A Shakespearean Glance at the People and Issues of the Day.

Monday, February 27, 2006

Hamlet #27 - Good Night, Sweet Prince

(Note: Bardseye is currently doing Hamlet, and taking a break from our usual hallucinatory Shakespearean commentary on current events. If you're entering the theater late, Hamlet: Act I, Scene I started twenty or so posts ago - just scroll down and catch up!).

OK. Time to wrap up Hamlet, but it's more like mop up what with Laertes, Queen Gertrude and Hamlet himself poisoned and Claudius poisoned and stabbed. The good thing about being poisoned, though, is that it gives the dying hero the opportunity to express some parting thoughts:

Ham: "I am dead, Horatio. Wretched Queen, adieu!
You that look pale and tremble at this chance,
That are but mutes or audience to this act,
Had I but time – as this fell sergeant, Death,
Is strict in his arrest – O, I could tell you –
But let it be. Horatio, I am dead;
Thou livest. Report me and my cause…".

Hamlet is unable to resist one last kick at his mother's corpse, but then the entire play details how Hamlet's full adult maturity was snatched from his grasp by an unwanted destiny which he felt honor-bound to embrace. Had he become king, as Shakespeare's other famous prince, Prince Hal, managed to do, we can wonder whether Hamlet would have undergone a transformation similar to Hal's.

Prince Hal, wayward and pranksterish in two Shakespeare plays (Henry IV Part One and Part Two), becomes a solemn and wise leader of England in a third (Henry V). He also turns on his closest friend Falstaff for wise but heartless political reasons. We can sense that Hamlet could never do such a thing to Horatio. But then, Hamlet could never mature past his mother's fecklessness, either. For Shakespeare, the final metamorphosis to full adult authority carries an inescapable element of cold-heartedness. Hamlet escapes this fate by dying.

The remainder of Hamlet's parting speech is directed at "you that look pale and tremble…". This refers to the attendants at the Danish court on stage, but we can well imagine the actor playing Hamlet turning to the actual Elizabethan audience and including them. Hamlet abhors people who merely watch. Even as he himself becomes our foremost Man of Inaction, he calls us to action; specifically, he calls on us to resist the corruption of our souls, even at the price of death.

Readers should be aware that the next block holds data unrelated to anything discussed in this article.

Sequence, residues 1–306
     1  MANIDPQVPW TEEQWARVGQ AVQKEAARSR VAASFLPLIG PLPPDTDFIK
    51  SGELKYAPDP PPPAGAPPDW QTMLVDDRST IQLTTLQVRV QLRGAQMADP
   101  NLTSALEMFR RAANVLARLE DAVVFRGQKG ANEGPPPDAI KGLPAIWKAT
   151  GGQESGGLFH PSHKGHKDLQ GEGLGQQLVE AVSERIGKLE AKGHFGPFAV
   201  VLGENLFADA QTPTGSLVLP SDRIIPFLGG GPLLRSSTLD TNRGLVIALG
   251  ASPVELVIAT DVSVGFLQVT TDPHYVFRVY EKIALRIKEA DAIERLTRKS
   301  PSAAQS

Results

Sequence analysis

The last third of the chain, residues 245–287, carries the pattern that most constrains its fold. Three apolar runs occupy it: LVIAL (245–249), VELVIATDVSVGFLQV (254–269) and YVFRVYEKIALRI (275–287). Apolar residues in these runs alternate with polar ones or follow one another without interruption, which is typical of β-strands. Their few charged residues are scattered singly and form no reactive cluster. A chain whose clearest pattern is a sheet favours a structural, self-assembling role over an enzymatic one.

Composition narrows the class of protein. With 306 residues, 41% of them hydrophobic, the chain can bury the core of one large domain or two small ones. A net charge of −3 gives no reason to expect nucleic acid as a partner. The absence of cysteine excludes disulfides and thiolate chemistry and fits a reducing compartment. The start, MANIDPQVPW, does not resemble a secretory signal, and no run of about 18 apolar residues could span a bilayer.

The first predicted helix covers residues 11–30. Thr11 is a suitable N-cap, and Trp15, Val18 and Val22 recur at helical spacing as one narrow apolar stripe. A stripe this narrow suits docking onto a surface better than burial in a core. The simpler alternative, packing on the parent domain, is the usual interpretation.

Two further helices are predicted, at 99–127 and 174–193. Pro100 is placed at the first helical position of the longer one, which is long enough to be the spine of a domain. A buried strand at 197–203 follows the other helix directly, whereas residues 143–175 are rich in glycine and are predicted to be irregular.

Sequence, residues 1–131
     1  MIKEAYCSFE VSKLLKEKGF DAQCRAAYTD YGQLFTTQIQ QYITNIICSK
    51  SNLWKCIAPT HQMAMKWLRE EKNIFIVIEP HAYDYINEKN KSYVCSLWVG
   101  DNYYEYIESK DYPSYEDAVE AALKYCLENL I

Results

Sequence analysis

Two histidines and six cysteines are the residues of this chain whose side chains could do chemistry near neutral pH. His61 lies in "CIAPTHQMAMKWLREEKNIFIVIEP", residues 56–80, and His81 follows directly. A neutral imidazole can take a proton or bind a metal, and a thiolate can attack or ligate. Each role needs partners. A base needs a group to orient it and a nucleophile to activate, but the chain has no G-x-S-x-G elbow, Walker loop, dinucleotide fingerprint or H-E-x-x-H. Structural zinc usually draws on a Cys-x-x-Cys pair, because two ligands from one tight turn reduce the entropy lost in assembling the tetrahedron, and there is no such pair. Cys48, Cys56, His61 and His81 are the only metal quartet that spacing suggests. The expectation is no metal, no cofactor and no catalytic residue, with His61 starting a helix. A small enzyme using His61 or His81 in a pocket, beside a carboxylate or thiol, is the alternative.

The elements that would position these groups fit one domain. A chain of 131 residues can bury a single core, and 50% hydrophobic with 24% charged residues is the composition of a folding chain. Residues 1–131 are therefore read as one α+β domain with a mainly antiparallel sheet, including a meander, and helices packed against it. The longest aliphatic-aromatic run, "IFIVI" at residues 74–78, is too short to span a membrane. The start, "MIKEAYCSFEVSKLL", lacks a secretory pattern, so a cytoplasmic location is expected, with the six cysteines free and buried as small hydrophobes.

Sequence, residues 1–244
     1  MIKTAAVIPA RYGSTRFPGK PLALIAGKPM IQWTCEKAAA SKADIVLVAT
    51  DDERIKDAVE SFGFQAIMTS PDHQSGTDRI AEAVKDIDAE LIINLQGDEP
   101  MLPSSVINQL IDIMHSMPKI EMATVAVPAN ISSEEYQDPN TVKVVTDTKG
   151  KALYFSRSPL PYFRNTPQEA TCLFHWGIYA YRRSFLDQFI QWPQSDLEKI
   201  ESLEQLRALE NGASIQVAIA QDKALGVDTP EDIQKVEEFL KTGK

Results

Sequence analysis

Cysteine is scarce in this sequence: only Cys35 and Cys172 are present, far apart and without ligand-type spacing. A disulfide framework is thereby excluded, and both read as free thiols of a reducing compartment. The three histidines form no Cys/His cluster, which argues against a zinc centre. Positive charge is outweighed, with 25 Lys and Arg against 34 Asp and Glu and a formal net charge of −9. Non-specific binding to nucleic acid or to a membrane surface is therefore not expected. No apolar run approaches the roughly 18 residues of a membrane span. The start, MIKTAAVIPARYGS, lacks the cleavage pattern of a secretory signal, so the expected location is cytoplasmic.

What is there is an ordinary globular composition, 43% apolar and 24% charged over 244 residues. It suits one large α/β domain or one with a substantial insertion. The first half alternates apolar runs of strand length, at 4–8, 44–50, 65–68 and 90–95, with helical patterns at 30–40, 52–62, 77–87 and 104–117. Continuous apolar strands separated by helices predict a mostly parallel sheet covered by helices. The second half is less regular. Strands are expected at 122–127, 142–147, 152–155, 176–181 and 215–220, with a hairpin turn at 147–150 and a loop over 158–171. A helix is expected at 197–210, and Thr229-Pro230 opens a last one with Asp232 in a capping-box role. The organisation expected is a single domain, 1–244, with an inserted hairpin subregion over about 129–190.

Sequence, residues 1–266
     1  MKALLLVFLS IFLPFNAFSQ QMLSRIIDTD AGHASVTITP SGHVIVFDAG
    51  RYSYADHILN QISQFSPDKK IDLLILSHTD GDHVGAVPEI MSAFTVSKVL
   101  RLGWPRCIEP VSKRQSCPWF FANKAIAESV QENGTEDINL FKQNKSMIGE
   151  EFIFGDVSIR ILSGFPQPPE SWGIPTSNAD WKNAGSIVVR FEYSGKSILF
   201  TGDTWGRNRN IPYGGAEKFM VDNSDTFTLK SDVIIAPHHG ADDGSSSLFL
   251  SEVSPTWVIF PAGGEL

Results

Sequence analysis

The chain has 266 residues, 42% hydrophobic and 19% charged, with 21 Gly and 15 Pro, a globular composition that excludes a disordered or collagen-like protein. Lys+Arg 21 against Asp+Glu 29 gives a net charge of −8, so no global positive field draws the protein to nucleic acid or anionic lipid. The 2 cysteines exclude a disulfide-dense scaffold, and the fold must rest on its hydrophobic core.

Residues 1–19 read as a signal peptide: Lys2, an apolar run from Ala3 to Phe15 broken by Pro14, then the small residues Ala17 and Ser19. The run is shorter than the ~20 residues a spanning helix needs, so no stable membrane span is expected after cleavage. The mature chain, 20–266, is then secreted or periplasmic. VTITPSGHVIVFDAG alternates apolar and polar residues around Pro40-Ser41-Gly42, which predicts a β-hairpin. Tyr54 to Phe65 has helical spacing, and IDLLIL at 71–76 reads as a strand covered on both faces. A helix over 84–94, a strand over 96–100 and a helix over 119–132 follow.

Horatio: "Never believe it,
I am more an antique Roman than a Dane.
Here's yet some liquor left."

(He attempts to drink from the poisoned cup. Hamlet
prevents him.)

Ham: "…If thou didst even hold me in thy heart,
Absent thee from felicity awhile,
And in this harsh world draw thy breath in pain
To tell my story."

If there's any normal, decent person in the play we can identify with (beside the gravedigger), it's Horatio. So by speaking to him Hamlet is speaking to us - again. He requests that we live, even if life is something that remains unknowable ("Since no man of aught he leaves knows, what is 't to leave betimes?") and even though death, which Hamlet terms "felicity," calls to us as a release from this "harsh world," this "prison."

And what reason does Hamlet give for Horatio, and by implication for the rest of us, to live? His reason is to "tell (his) story." Of course, by now Hamlet's story has become a cautionary tale, with the caution being against letting some blood oath or obligation tear you away from what should be a destiny of your own choosing.

Anyhoo, the sound of cannon fire (actually a military salute) announces the arrival of Fortinbras, who has been victorious against Poland, and who is on his way back to Norway. Hamlet in his dying breath foresees that "the' election lights on Fortinbras." Since everyone in the Danish royal line has been killed, an election will be needed to select the next king and Hamlet can sense that the aristocracy will choose Fortinbras as a now proven leader in war. Hamlet then dies.

(He dies.)

Hor: "Now cracks a noble heart. Good night, sweet prince,
And flights of angels sing thee to thy rest!"

Fortinbras waltzes is, expecting to be received at court by a fellow royal, but coming instead upon a scene out of Texas Chainsaw Massacre, which was actually a better movie than many realize. Anyway, Fortinbras says a bunch of stuff that really amounts to rolling the credits and the play ends. But one helpful final comment of Horatio's, as they're bearing all the bodies away and in the course of Horatio announcing how he'd like some time to fill everyone in on what really happened, is this:

Hor: "…So shall you hear
Of carnal, bloody, and unnatural acts,
Of accidental judgments, casual slaughters,
Of deaths put on by cunning and forced cause,
And, in this upshot, purposes mistook
Fall'n on th' inventors' heads."

And so the curtain falls on Bardseye's View of Hamlet. Tomorrow we will return to our regularly scheduled programming - the bizarre, hallucinatory essays that jam Shakespeare and current events together in preposterous and irresistible ways, and by which your humble correspondent passes the free time of his evenings. Adieu for now.

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